Wednesday, 19 June 2019

I Don't Hear A Single Volume 72



Another Edition of the Aural Showcase Delight that is I Don't Hear A Single's recommended current must listens. No Archive Track this time, just 19 fine examples of the thing we call Music.

There is a four second watermark at the beginning of each, this is because I'm using the software as a trial whilst Jim is out of action. If I do them permanently, I will find the best program to buy.

The playlist details are on here and by clicking the Mixcloud tab. You can listen to the previous IDHAS Audio Extravaganzas on Mixcloud here.

Number 72 is awaiting your attention. The playlist is as follows  :

01 Mounties - Heavy Meta
02 The Needs - Summerbore
03 Onesie - Customers
04 Big Nothing - Quiet One
05 Faux Co. - Prozac Spaceman
06 The Sunset Spirit - Tonight
07 Taylor Knox - Live It Up
08 Mothboxer - New Satellite
09 Amber Clouds - Whatever You Are Now
10 The Proper Ornaments - Crepuscular Child
11 Shonen Knife - Dizzy
12 The Shake Ups - Meddling Kids
13 The Prescriptions - She Is Waiting
14 Peter Bruntnell - Thief Of Joy
15 The Lunar Laugh - Another Casualty
16 The Successful Failures - Love You So
17 The Thin Cherries - Follow Sun
18 Jim Basnight - Second Street
19 Drugdealer - Lost In My Dream



IDHAS Volume 72 Mixcloud Link



More Kicks - I'm On The Brink EP




I haven't been covering as many EPs over recent times. The only reason is that there are so many great albums around and much less time. That'll change next month with the start of a Monthly EP feature as this has been a bit of an IDHAS weakness. Singles get covered by the Audio Spectacular Volumes and albums via here, so we need to sort in between.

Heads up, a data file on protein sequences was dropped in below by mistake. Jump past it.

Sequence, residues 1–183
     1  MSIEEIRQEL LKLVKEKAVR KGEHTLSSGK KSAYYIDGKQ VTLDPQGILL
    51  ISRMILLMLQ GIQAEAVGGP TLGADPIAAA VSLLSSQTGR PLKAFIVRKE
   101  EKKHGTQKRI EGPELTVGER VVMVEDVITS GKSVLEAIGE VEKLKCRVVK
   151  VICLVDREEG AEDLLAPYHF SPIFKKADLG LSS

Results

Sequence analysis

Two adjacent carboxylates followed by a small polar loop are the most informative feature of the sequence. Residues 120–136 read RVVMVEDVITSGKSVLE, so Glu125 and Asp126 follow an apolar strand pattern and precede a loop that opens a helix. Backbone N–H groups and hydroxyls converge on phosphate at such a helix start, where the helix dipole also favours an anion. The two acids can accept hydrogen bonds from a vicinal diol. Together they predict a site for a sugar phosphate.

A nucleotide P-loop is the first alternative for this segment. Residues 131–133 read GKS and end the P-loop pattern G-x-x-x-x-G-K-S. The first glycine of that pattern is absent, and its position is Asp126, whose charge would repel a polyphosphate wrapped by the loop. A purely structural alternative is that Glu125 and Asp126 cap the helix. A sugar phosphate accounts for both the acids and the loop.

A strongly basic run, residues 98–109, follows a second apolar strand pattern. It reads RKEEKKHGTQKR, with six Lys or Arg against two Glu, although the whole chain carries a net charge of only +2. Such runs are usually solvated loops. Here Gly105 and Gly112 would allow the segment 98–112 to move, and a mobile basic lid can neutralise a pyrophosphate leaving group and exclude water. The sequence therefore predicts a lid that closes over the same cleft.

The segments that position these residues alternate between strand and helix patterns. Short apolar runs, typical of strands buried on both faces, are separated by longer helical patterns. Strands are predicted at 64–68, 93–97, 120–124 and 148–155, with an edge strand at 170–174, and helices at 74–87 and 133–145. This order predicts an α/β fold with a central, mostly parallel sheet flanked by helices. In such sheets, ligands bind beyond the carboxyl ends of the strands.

I certainly hadn't planned to cover EP's during the June Review A Day thing, but I really wanted to tell you about More Kicks for a number of reasons. Firstly, I love these three songs and I've already played I'm On The Brink on one of the I Don't Hear A Single Volumes.

I've been a big critic of the UK Power Pop and Pop Rock scene, it's treated like the runt of the litter over here. Shindig thankfully cover a bit of genre, but it still appears very US-centric at a time that Europe is bursting out with talent. Indeed, More Kicks are heading to Spain as most decent bands who do Pop with a Guitar appear to be doing.






Apart from IPO in Liverpool which goes on too long and hoovers Power Pop up to leave the other 11 months empty, there's not much. The Music Industry is so London based, yet IPO doesn't do Liverpool, thank goodness for the Spygenius gang.

IDHAS were on The Speedways album early and it's really pleasing to see the band grow and that a second album is planned. I digress though, so back to More Kicks. The Trio are London based, but are a multi national affair, representing England, Poland and Brazil. Coincidentally, the band's drummer, Kris Hood is also the live Drummer of The Speedways.

I'm On The Brink is a fine EP, proper Power Pop. The title track has everything you'd want from a PP song, hooks aplenty. He's Gonna Let Down is a real mix of 70's New Wave Pop and the UK in 1964. Can't Fake What You Got is a sort of Mod Psych Pop.






Three very different songs promise lots for the future and hopefully the Brighton Support slot with Autogramm will bring a raft of new fans. This EP is such a refreshing listen and a special mention must go to the wonderful German label, Wanda Records.

The label has a reputation for Punk when there is far more to them than that, Wanda provide some real finds for those willing to look. The other joy of More Kicks is that they do the whole New Wave Power Pop thing. Badges, T Shirts, 7 Inch Singles can be bought at their Bandcamp site here.






You can listen to and buy the I'm On The Brink EP here. You bloody well should!

The Bishop's Daredevil Stunt Club - End Over End